Dish's Airwaves Play Needs U.S. Buy-in to Pay $5 Billion
Dish paid $2.78 billion in 2012 for two satellite companies' airwaves that it's readying for use by ground-based smartphone networks, and pledged to bid $2.2 billion at an auction for bankrupt LightSquared Inc.'s mobile frequencies.
Now Dish is offering the Federal Communication Commission a deal: It will ensure the success of a U.S. airwaves auction in January, by setting a price floor of $1.56 billion, if it's allowed to alter uses for airwaves it already has, which would make them more valuable.
“It's elegant,” Paul Gallant, Washington-based managing director for Guggenheim Securities LLC, said in an interview. “It aligns most of the politics needed to push through the proposal, and improves the company's spectrum position.”
The mystery is whether chairman and co-founder Charlie Ergen's intent is to build a wireless network, find a mobile partner such as AT&T Inc. (T) or Verizon Wireless to lease his inventory, or eventually resell the airwaves.
Eoin Treacy's view A point previously made here at Fullermoney is that while the number of companies producing hardware such as smartphones, tablets, laptops, desktops and TVs is comparatively large, the number of companies that provide the infrastructure to facilitate internet access is comparatively small and represents an oligarchy.
Providing wireless internet connectivity tends to have a high barrier to entry so that the companies controlling these networks tend to have formidable pricing power. As demand for online and mobile content continues to grow, the providers of programming should also benefit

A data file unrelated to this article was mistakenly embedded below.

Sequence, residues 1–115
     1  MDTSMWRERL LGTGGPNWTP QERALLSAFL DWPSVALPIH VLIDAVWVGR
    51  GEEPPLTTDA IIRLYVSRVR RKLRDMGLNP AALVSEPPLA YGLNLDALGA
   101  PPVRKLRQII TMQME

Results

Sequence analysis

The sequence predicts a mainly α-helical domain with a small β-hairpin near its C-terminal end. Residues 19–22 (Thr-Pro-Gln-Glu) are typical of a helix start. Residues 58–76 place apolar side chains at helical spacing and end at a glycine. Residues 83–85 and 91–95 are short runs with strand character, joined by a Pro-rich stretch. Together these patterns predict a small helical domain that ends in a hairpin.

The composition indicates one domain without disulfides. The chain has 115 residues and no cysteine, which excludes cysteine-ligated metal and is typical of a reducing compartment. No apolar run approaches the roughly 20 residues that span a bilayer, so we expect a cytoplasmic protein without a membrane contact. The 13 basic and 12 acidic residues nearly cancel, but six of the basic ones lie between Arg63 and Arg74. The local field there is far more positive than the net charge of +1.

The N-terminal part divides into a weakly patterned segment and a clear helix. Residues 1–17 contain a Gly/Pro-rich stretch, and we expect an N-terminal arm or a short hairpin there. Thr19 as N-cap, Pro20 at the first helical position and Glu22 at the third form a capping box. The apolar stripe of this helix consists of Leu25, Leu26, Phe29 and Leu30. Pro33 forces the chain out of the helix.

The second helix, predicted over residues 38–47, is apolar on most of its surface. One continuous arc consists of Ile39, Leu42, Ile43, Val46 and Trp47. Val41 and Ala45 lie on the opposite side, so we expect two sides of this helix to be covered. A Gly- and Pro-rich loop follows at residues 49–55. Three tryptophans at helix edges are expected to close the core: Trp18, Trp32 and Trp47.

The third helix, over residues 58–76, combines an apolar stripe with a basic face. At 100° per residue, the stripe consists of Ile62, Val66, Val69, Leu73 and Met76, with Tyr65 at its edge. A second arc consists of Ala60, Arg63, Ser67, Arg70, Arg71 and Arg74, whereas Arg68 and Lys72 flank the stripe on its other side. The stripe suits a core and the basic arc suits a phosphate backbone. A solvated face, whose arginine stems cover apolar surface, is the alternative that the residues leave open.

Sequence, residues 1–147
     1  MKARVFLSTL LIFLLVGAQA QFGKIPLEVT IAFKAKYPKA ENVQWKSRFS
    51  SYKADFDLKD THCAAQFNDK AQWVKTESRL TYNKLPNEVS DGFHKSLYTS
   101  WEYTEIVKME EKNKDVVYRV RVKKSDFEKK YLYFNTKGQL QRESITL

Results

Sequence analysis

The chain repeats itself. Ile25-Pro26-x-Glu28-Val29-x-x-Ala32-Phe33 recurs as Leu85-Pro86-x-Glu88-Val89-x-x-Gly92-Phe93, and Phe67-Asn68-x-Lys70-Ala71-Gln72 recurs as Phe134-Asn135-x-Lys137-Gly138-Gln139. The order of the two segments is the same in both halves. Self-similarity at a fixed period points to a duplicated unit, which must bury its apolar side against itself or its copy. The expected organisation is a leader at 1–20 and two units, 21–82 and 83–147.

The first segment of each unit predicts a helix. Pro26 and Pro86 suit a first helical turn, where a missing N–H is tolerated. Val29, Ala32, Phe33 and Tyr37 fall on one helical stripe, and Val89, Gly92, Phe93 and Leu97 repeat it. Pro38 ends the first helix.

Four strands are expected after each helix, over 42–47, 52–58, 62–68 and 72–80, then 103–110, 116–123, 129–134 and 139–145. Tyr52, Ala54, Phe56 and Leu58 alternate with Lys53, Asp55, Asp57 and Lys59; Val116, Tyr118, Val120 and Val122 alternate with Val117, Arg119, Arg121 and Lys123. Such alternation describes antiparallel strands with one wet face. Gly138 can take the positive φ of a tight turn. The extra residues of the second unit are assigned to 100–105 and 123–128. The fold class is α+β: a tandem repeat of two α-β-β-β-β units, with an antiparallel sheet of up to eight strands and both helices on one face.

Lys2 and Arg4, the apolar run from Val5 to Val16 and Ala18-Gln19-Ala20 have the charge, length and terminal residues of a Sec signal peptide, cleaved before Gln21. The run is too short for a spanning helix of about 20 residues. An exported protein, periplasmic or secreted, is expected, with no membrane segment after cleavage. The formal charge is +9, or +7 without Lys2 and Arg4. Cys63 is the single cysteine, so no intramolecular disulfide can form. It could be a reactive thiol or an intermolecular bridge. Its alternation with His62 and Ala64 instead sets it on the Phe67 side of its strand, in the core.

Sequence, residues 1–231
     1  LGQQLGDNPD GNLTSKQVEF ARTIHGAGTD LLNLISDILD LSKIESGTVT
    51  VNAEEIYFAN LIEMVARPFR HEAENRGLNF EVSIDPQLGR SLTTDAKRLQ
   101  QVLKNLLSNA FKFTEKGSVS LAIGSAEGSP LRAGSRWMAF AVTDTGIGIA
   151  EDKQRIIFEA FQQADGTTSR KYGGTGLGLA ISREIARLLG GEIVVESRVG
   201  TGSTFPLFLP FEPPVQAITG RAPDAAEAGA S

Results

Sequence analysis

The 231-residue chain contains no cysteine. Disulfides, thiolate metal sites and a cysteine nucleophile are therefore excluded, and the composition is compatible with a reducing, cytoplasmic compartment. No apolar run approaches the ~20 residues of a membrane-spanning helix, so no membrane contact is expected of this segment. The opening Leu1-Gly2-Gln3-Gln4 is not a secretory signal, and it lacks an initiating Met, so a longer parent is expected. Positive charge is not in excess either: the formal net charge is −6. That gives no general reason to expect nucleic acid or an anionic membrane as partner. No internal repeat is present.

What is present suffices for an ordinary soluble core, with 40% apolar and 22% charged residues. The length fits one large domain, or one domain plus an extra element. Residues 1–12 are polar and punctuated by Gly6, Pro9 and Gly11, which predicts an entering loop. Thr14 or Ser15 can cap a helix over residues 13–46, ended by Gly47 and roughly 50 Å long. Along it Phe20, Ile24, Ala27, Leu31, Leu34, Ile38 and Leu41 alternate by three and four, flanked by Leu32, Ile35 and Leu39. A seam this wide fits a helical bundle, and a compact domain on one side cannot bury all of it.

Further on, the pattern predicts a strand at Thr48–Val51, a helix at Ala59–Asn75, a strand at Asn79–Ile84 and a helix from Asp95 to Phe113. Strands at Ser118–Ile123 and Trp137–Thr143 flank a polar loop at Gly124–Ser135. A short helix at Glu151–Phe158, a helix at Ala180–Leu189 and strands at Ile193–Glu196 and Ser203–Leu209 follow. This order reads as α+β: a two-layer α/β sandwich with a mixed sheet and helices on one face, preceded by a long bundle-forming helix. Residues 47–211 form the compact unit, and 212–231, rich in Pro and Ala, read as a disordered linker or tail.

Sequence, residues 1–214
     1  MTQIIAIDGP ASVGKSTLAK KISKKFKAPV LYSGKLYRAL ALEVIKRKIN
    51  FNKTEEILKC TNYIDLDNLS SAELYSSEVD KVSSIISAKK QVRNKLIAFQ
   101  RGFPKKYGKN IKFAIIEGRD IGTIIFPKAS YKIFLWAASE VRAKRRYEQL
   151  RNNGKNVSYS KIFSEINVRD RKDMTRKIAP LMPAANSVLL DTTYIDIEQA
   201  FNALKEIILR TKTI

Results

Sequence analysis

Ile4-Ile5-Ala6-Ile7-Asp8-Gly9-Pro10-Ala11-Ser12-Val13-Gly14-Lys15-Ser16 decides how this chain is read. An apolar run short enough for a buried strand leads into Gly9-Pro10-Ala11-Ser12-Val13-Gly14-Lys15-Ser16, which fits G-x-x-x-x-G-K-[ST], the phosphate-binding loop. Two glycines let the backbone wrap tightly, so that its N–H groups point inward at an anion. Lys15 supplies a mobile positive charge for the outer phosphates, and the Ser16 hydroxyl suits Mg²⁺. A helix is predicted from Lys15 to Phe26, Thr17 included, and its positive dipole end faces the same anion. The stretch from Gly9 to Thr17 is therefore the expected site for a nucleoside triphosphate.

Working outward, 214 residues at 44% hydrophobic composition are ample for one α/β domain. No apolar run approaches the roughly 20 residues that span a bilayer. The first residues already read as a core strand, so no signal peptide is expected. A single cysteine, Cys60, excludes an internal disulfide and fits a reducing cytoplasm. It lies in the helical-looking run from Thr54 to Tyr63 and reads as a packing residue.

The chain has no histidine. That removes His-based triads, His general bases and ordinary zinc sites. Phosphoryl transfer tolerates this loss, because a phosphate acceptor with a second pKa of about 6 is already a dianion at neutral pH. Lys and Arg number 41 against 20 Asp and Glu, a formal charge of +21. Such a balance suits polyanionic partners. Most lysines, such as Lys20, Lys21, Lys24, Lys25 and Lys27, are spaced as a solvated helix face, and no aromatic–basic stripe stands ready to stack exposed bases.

Among programming providers, Time Warner Inc., Viacom and CBS Corp remain in relatively consistent uptrends although they have become somewhat overextended relative to their 200-day MAs of late. Netflix pulled back sharply from the $400 area on Tuesday suggesting some consolidation of this year's powerful gains is underway.
Among infrastructure providers Time Warner Cable and DISH Network also remain in relatively consistent uptrends, while Verizon Wireless, AT&T and Sprint have been confined to medium-term consolidations. These latter shares all found at least short-term support in the region of the lower side of their respective ranges last week.
As a provider of billing and customer care systems to the telecoms sector globally, Amdocs has also benefitted from the growth in demand for online access and content. The Share remains in a consistent medium-term uptrend and found support last week in the region of the 200-day MA.